Get ready for full-strength Maple Leafs, as Nylander’s set to debut

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Even the Toronto Maple Leafs’ biggest haters should turn their frowns upside down for at least a little while, as hockey fans are rapidly approaching quite the gift.

Multiple reporters (including Sportsnet’s Shawn McKenzie) pass along word that William Nylander announced that he’ll play in the Maple Leafs’ next game, which takes place against the Detroit Red Wings on Thursday. To make the situation even more joyous, consider that the game is happening in Toronto.

To make things more delightful – and maybe excite a dork or two in advanceAuston Matthews hasn’t missed a beat since returning from injury. Thursday will only represent Matthews’ fourth game back in the lineup, yet he’s been making up for lost time, as the American star has five goals and two assists for seven points in three contests. (Yes, seriously.)

The Red Wings should expect to hold on for dear life, as Thursday represents the first time that we’ll get a full vision of what this Maple Leafs team can be in 2018-19: Matthews and Nylander joining John Tavares, Mitch Marner, Morgan Rielly, and other talented offensive players to form what could be one of the most explosive offenses in recent history.

[Can they keep the band together beyond this season? That’s another story.]

Zooming out a bit, it will be fascinating to see how head coach Mike Babcock pieces things together.

Via Natural Stat Trick’s numbers, Matthews and Zach Hyman were far and away Nylander’s most common even-strength linemates last season. Hyman’s instead been lining up with Tavares and Marner lately, while Patrick Marleau and Kasperi Kapanen have been Matthews’ wingers.

It’s been noted that Kapanen was dreaming about Nylander returning, but will his buddy’s reemergence bump him down the Maple Leafs’ lineup? Someone has to get moved down the order, after all … unless Babcock boldly put Nylander on the third line with another overqualified forward in Nazem Kadri.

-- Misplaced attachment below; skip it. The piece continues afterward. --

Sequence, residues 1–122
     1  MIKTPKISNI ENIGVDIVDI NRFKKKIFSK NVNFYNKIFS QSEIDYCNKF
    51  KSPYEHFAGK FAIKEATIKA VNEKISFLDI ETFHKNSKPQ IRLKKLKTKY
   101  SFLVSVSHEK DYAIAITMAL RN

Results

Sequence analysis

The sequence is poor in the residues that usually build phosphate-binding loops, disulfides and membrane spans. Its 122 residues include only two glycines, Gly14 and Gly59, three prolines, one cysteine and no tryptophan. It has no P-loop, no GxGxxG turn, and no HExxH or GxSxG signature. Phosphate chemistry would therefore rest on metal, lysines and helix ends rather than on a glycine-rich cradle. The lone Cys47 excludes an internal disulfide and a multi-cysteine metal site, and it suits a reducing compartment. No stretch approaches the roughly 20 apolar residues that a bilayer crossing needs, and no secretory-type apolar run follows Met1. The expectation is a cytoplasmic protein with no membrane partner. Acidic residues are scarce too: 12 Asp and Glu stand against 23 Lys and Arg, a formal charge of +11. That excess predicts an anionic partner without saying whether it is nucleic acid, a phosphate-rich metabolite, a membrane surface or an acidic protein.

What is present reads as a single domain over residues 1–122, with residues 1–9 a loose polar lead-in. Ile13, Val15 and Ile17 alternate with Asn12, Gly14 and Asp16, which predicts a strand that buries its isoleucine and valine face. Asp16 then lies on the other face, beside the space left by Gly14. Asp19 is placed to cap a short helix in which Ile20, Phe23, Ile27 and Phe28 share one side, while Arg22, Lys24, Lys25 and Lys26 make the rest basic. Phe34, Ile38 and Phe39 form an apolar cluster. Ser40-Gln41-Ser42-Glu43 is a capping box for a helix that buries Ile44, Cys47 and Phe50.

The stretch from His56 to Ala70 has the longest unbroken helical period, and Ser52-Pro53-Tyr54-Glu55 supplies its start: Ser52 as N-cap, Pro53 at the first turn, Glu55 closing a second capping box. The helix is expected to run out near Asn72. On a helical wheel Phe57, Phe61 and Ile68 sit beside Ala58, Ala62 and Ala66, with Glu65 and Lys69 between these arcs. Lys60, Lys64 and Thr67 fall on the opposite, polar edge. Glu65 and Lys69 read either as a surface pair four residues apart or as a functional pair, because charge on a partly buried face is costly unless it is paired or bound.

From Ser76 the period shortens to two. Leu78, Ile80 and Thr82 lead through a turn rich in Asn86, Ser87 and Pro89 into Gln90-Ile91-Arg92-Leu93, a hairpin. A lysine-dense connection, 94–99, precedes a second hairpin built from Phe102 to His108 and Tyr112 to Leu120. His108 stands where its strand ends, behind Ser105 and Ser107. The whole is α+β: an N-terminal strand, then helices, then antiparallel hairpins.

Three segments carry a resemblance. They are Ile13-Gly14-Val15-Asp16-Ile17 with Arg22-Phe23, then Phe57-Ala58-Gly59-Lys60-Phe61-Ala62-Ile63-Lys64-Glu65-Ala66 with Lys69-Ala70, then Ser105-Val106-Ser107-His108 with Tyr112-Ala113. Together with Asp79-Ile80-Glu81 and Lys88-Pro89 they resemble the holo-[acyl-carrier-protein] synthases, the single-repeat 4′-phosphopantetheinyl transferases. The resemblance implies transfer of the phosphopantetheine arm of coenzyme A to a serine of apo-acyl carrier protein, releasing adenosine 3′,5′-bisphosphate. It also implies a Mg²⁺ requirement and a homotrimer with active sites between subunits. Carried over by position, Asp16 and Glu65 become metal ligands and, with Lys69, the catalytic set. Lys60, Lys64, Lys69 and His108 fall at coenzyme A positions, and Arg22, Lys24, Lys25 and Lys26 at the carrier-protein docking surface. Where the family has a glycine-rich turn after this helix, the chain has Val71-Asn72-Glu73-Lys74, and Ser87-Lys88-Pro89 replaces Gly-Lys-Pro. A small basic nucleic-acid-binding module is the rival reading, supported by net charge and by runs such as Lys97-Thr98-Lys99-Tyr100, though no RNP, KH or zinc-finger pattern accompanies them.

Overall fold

That’s anyone’s guess, and as hockey fans know, coaches tend to throw line combinations in a blender, anyway. Injuries, cold/hot streaks, and the scoreboard can all affect how things shake out.

Even so, it’s intriguing to see how some are drawing up combos.

Jeff Veillette, for example, argues for a line of Andreas Johnsson – Matthews – Nylander (with Tavares joined by Hyman and Marner) in this post for The Faceoff Circle. It’s interesting to see Veillette discuss salary cap implications in his explanation:

This line exists to win hockey games, not chess matches. If it was a chess match, it would probably be closer to what the coaching staff is doing to win hockey games – Patrick Marleau near the top to try to pad his point totals (in case he’s willing to waive his No-Movement Clause on the final year of his contract this summer), and Johnsson near the bottom to keep his production down (so he doesn’t cash in on his “prove it” year).

Stylistically, Nylander would certainly make a lot of sense back with Matthews, at least with Marner clicking so well as Tavares’ wingman. Nylander’s a right-handed shot who can create great opportunities for Matthews, while also punishing opponents severely if they overcommit to stopping that connection. It’s pretty terrifying to imagine having to deal with a pair of one-two punches on the scale of Matthews – Nylander and Tavares – Marner, especially considering how successful Toronto’s been, even at less-than-full-strength.

The Athletic’s Jonas Siegel also postulates (sub required) that Nylander could be a big boost to the Maple Leafs’ second power-play unit.

Putting Nylander in that group makes some sense. For one thing, that top group is dominating opponents. For another, Siegel notes that Babcock still gives plenty of PP ice time to Marleau, Jake Gardiner, and the second unit. Some might lean toward the “load up on one group” mantra, but it becomes increasingly sensible when you realize that top players often are the ones drawing penalties, so giving them a breather (rather than throwing them right back on the ice, or extending shifts) makes a lot of sense.

So, whether you go big picture or really get into the nuts and bolts, Nylander’s addition is a significant boon for the Maple Leafs.

Delightfully, it should bump an already-exciting team to an absolutely must-watch level.

And, hey, you could always go back to hating the Maple Leafs again when the games start to matter a bit more. You know, if hating the Leafs is your thing.

MORE: Your 2018-19 NHL on NBC TV schedule

James O’Brien is a writer for Pro Hockey Talk on NBC Sports. Drop him a line at phtblog@nbcsports.com or follow him on Twitter @cyclelikesedins.